What is osteoporosis?
Osteoporosis occurs when the body loses too much bone or does not produce enough of it. Bones become less dense, which makes them weaker and more likely to break. Osteoporosis is very common after the age of 50: approximately one in two women and one in four men over 50 years old will break a bone due to osteoporosis, and in the United States, about 54 million people have osteoporosis.
Osteoporotic bone breaks are serious complications of osteoporosis, often affecting the hip, spine or wrist. These breaks are hard to heal, they cause permanent pain, and can limit mobility. Many patients will need long-term nursing home care after one of these breaks, and in some cases, it may lead to death; about 20% of seniors who break a hip die within one year, from complications related to the broken bone or the surgery to repair it. Every year, osteoporosis causes 2 million broken bones, which amounts to $19 billion in related costs.
What are the risk factors?
Osteoporosis is known for being a silent disease. Often, a person will not know he or she has developed osteoporosis until they break a bone. They may also see other signs, such as losing height or the curving of one’s spine. Many conditions can increase the likelihood of developing osteoporosis, including autoimmune disorders, such as rheumatoid arthritis or multiple sclerosis; gastrointestinal disorders, such as inflammatory bowel disease; cancer; blood disorders, such as leukemia and lymphoma; endocrine disorders, like diabetes, hyperthyroidism, or premature menopause; neurological disorders, including stroke and Parkinson’s disease; and some medical procedures, such as gastrectomy and gastrointestinal bypass procedures. Some drugs can also increase the risk of suffering from osteoporosis, including steroids (such as cortisone), cancer chemotherapeutic drugs, and selective serotonin reuptake inhibitors (like Prozac).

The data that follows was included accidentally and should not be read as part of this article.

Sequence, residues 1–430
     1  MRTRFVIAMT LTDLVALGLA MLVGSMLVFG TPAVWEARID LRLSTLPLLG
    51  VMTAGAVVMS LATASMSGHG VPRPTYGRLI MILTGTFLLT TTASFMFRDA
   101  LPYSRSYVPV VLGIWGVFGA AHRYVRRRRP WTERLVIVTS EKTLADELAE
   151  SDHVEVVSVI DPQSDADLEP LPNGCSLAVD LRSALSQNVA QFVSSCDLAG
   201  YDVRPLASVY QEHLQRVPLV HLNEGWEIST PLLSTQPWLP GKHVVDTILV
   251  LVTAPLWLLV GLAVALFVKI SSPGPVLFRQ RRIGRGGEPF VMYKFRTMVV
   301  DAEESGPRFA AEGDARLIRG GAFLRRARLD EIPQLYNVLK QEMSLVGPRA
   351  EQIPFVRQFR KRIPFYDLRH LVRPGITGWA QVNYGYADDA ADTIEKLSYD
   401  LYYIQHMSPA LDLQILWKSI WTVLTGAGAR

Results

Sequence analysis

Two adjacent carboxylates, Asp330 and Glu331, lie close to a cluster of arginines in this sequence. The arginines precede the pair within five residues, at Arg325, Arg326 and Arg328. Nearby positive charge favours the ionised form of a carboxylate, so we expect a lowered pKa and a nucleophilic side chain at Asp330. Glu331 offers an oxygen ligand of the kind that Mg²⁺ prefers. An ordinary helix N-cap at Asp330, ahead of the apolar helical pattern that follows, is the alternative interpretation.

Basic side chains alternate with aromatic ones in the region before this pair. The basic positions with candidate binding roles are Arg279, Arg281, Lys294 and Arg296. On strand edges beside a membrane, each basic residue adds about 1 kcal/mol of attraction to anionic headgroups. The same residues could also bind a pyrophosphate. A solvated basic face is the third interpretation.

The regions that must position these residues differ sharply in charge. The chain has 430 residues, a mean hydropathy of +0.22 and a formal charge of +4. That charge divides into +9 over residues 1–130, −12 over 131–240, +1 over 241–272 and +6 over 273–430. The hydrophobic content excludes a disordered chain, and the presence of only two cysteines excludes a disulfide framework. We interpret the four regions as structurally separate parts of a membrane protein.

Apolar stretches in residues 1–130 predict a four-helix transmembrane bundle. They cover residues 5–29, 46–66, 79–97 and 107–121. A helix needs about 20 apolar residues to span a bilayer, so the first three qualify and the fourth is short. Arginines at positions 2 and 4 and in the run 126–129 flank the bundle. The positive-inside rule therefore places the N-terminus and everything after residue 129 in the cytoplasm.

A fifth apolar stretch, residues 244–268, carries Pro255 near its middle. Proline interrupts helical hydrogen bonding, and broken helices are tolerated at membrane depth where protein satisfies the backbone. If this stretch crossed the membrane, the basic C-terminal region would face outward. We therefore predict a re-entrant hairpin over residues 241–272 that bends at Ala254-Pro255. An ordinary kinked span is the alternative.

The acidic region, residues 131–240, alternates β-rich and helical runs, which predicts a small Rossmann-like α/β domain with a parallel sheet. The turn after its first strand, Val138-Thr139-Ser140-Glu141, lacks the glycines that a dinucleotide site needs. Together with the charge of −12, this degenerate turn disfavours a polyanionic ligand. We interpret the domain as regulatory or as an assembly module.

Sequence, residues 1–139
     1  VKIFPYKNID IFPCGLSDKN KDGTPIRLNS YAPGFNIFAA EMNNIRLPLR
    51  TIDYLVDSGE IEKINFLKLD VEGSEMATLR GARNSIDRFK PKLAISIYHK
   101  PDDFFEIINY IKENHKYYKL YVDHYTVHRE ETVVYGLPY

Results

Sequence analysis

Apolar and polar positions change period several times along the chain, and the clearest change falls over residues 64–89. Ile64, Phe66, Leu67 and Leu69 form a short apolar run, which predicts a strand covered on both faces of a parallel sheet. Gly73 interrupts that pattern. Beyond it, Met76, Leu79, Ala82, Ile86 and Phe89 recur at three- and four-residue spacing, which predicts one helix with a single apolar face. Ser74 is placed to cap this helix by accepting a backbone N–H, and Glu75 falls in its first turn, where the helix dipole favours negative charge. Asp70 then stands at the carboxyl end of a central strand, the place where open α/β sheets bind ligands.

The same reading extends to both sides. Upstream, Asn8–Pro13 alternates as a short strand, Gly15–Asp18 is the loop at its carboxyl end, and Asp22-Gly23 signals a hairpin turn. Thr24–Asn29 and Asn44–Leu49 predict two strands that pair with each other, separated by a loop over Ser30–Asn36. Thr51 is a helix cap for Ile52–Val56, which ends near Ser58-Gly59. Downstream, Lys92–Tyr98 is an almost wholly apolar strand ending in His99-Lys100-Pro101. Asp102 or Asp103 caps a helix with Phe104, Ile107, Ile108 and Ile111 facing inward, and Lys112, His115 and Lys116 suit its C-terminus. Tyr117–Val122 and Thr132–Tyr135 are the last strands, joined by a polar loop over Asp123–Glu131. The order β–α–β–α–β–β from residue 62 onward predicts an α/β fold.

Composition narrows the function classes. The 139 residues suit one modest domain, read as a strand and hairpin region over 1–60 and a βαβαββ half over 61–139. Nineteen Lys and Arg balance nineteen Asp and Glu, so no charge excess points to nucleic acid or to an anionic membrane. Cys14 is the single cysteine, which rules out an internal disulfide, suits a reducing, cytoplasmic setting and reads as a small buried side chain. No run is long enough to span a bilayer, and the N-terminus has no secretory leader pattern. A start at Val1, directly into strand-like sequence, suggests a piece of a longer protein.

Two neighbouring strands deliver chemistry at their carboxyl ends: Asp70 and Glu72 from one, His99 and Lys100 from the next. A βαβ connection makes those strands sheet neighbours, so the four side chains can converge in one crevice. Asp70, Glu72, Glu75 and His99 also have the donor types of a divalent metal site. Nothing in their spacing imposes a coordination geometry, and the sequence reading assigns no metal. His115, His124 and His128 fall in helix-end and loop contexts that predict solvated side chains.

Are there any treatments?
Several medications can help to slow down the loss of bone and control osteoporosis. The treatment most used for this disease are bisphosphonates (such as alendronate or ibandronate), which slow the rate that bone is broken down in our body, maintaining bone density and reducing the risk of fracture. Other medications include hormone treatment such as selective oestrogen receptor modulators (e.g. Raloxifene), which imitate the hormone oestrogen and help maintain bone density; parathyroid hormone, which stimulates osteoblasts to create new bone cells; testosterone treatment, useful when the cause of osteoporosis is a deficit of this hormone; hormone replacement therapy. Calcium and vitamin D supplements, which are needed to make bone, can also be helpful.
All these medications focus on slowing down the process of this disease and controlling the disease, but none of them can reverse the damage already caused. But a new type of approach could do it. Recently, a new alternative was studied: umbilical cord blood mesenchymal stem cells to induce bone regeneration. Korean researchers injected these stem cells in rats suffering from this disease and successfully enhanced bone regeneration. The level of bone regeneration was similar to what can be found in rats that do not suffer from this disease meaning that the umbilical cord blood mesenchymal stem cells reversed the loss of bone regeneration caused by bone loss. This study shows that these stem cells can be a promising alternative for patients with bone loss.
Boohwi Hong et al. 2018. Bone regeneration with umbilical cord blood mesenchymal stem cells in femoral defects of ovariectomized rats. Osteoporosis and Sarcopenia. Sep 4(3):95-101
Tella SH, Gallagher JC. 2013. Prevention and treatment of postmenopausal osteoporosis. J Steroid Biochem Mol Biol. 142:155-70.